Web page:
Quantum Electronics for Future Computing and Sensing

Quantum Electronics for Future Computing and Sensing

Low-dimensional materials, 0D (quantum dots), 1D (nanowires, nanotubes) and 2D (graphene, transition metal dichalcogenides), show unique and exotic properties compared to their bulk counterparts due to quantum confinement, making them promising building blocks for futuristic computing and information based on quantum systems.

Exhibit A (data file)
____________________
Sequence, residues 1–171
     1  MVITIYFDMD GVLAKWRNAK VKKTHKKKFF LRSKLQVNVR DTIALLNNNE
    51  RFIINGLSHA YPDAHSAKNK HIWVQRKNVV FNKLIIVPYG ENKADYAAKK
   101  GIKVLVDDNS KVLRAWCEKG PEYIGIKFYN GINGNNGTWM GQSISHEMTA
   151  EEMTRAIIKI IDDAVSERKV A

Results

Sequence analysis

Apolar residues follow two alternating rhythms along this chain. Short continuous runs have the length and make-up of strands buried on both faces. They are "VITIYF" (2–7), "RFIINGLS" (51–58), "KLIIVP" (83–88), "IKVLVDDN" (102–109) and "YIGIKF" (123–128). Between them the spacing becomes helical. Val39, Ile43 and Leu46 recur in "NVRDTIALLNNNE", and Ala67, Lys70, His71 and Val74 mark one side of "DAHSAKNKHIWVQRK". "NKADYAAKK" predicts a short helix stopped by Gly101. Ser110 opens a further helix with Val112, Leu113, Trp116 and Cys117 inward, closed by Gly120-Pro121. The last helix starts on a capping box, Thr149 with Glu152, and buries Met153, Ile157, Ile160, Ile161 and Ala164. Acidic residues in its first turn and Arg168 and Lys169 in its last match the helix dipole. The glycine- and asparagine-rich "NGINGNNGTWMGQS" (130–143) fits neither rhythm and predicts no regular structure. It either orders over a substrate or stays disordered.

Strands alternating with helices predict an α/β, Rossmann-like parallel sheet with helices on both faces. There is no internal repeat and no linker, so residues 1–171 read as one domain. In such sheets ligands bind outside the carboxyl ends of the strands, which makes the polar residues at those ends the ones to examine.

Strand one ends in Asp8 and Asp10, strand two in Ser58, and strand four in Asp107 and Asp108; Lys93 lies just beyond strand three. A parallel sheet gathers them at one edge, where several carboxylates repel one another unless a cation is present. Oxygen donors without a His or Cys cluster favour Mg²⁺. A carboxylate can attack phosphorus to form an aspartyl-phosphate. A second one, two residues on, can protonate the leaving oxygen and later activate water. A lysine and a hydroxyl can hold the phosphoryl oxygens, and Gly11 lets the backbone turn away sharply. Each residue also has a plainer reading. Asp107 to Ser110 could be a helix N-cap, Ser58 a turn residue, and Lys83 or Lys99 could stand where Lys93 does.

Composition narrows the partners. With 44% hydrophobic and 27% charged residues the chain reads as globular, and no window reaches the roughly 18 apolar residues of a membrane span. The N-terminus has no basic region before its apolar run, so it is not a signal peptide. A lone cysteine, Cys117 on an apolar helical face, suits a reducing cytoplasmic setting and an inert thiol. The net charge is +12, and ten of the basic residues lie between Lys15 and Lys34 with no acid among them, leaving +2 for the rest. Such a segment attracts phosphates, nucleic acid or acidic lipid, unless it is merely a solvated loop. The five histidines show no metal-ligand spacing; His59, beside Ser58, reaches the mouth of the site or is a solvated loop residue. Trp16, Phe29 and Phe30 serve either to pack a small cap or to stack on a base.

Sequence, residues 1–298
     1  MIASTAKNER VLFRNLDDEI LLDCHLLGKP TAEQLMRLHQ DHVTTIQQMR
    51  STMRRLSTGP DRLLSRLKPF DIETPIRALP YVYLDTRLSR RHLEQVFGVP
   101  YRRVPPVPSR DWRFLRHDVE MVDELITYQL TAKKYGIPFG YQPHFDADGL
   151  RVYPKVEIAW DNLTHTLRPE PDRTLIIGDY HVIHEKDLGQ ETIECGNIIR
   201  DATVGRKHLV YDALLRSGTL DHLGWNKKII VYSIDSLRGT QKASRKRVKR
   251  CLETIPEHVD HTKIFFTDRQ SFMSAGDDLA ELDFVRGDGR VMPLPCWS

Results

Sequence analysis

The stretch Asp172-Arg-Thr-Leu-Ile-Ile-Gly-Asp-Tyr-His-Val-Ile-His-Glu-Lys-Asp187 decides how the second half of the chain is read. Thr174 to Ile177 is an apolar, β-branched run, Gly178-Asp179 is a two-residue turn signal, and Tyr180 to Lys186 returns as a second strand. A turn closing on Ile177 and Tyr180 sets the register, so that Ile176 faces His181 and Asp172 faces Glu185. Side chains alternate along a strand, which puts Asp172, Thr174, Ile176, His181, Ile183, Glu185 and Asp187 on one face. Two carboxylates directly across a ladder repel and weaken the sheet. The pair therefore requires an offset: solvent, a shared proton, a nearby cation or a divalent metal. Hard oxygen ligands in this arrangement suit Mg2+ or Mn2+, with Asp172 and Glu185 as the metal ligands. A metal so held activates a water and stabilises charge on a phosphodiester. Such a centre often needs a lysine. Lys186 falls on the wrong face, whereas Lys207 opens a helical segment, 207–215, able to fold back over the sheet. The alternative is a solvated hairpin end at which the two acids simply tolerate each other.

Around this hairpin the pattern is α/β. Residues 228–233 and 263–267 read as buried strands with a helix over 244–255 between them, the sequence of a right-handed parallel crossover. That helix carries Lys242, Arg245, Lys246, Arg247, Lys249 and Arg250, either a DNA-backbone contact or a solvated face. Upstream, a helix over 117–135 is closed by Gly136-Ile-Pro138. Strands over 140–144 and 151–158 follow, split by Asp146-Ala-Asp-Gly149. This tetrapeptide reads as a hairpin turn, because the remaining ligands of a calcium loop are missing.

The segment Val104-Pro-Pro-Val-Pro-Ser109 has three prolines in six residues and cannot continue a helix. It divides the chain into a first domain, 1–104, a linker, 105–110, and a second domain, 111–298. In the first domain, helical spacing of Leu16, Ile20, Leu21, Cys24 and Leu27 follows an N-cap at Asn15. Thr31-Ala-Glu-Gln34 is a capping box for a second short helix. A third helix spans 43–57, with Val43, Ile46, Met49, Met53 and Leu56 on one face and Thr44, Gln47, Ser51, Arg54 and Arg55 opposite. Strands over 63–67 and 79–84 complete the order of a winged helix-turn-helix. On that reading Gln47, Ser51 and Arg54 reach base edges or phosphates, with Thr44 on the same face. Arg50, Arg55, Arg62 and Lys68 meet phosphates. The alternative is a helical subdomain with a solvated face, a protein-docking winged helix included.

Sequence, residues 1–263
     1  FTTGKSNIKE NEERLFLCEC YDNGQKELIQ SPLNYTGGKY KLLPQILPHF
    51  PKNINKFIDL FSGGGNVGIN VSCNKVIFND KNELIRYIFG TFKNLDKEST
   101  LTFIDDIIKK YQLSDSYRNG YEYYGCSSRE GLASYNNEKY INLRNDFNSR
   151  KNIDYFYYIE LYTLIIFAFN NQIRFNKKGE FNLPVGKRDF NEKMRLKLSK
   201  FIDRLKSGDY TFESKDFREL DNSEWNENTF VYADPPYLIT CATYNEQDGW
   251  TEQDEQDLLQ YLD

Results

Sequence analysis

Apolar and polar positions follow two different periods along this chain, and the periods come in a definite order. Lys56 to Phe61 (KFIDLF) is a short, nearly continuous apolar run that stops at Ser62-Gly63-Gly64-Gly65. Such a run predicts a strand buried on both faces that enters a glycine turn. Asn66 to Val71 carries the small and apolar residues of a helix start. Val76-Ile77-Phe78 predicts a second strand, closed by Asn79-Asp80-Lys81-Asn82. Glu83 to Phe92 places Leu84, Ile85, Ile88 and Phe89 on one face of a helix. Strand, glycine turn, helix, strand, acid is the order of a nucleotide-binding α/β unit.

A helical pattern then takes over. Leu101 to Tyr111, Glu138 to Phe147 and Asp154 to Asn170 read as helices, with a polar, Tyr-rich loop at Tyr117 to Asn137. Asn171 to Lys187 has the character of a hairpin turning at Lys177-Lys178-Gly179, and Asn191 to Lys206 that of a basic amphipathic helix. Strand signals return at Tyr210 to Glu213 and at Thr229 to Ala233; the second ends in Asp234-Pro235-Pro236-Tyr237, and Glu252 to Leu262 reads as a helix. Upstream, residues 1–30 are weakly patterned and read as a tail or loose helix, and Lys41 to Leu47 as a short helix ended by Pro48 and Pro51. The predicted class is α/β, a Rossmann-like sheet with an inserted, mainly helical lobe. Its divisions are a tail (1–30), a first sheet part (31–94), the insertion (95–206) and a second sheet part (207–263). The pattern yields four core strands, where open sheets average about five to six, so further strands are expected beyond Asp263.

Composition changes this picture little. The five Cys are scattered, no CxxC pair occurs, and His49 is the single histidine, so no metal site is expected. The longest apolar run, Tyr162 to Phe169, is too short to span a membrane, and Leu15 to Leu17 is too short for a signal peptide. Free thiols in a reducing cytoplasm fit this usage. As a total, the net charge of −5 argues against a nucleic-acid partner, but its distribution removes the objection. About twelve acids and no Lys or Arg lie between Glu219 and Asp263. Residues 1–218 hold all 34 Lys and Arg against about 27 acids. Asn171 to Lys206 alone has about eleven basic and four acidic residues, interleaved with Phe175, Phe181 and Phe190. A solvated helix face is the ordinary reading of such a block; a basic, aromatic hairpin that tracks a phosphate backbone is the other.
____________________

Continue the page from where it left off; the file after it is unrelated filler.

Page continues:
We are manipulating dimensional confinement using a series of synthetic methods to create various quantum effects. For example, atomically thin 2D MoS2 nanoribbons with sub-10 nm width have been synthesized. In addition to the confinement in thickness, another quantum confinement on width is added with these nanoribbons, leading to more exotic properties. Field-effect transistors (FETs) have been fabricated based on these nanoribbons, which show unusually high carrier mobility and single electron charging behavior due to Coulomb Blockade effect. By optimizing contacts and designs of the device, novel properties like superconducting, ballistic transporting, and quantum spin-Hall effect are expected to be explored, which can potentially create new qubits for quantum information processing and quantum computing.